Peloton Interactive Inc. said late Monday that it has accepted the resignations of co-founders John Foley and Hisao Kushi, the latest leadership shake-up to hit the troubled interactive fitness company.
Foley stepped down as Peloton’s chief executive in early February and had continued as the board’s executive chair. His resignation is effective immediately, Peloton PTON, +7.18% said.
“Now it is time for me to start a new professional chapter,” Foley said in a statement. “I have passion for building companies and creating great teams, and I am excited to do that again in a new space,” he said, without further details.
Kushi, Peloton’s chief legal officer, will resign effective Oct. 3, the company said.
Foley co-founded Peloton in 2012 with Kushi and three others and is credited with using his tech and business experience to build the company into a dominant interactive fitness platform. He was Peloton’s CEO for a decade.
Peloton’s board appointed Karen Boone, a former executive at home goods and furniture retailer RH RH, +1.48%, as its next chair.
Shares of Peloton fell 1.4% in the extended session Monday after ending the regular trading day up 7.2%. So far this year, the stock has dropped 69%, compared with losses of around 14% for the S&P 500 index SPX, +1.06%.
Kushi has served as the company’s top lawyer since 2015. Peloton said that Tammy Albarrán will replace him as chief legal officer and corporate secretary.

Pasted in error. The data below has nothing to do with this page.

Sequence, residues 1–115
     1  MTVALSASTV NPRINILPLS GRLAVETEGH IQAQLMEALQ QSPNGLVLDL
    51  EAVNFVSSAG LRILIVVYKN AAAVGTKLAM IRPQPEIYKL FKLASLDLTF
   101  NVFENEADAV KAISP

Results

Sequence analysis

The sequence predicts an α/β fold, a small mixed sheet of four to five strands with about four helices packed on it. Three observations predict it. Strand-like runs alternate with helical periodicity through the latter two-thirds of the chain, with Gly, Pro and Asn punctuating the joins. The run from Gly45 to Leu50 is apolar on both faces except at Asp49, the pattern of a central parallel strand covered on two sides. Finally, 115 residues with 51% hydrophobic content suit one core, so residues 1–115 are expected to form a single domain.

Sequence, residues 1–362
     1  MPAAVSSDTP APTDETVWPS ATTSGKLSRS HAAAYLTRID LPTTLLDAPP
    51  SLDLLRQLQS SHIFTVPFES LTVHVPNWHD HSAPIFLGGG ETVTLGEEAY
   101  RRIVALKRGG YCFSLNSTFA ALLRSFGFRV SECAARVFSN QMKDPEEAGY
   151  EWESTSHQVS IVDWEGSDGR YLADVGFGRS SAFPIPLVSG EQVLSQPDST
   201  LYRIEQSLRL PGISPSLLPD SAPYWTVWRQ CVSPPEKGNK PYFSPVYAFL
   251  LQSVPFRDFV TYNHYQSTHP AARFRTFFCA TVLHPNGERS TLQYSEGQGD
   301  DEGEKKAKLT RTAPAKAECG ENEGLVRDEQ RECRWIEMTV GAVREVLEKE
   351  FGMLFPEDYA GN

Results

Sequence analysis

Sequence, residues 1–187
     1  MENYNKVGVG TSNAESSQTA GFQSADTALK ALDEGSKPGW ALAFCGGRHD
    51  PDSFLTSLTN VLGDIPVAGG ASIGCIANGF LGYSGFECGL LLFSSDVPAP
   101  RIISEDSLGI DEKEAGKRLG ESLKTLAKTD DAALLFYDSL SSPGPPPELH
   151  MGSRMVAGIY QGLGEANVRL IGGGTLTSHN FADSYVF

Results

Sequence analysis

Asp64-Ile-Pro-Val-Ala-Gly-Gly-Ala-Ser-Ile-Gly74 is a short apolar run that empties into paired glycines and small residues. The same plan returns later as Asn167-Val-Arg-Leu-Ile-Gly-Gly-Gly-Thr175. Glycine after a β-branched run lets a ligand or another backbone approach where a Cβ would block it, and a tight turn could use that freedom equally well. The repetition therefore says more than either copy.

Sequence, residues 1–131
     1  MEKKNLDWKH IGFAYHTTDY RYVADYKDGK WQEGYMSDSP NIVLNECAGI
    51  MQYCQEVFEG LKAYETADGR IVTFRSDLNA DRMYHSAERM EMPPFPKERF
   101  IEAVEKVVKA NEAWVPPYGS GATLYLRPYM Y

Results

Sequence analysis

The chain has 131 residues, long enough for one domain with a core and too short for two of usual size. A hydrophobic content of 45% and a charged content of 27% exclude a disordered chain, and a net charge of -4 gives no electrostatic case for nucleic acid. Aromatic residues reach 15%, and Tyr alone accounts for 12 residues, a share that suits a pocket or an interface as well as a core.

Albarrán most recently was Uber Technologies Inc.’s UBER, +2.27% chief deputy general counsel and deputy corporate secretary.
Peloton Chief Executive Barry McCarthy thanked both departing executives for “their shared vision, dedication and passion for Peloton.”
“Through their hard work, they have given the world the connected fitness industry and created a platform that empowers each of us to be the best version of ourselves,” McCarthy said.
Peloton is likely to report fiscal first-quarter results in early November, with analysts polled by FactSet expecting a loss of 64 cents a share on sales of $639 million. That would compare with a loss of $1.25 a share on sales of $805 million in the year-ago period.
Peloton in August posted a sharp loss for its fiscal fourth quarter, with McCarthy saying in a letter to investors at the time that despite declining revenue and other ills, Peloton had made “significant progress driving our comeback and Peloton’s long-term resilience.”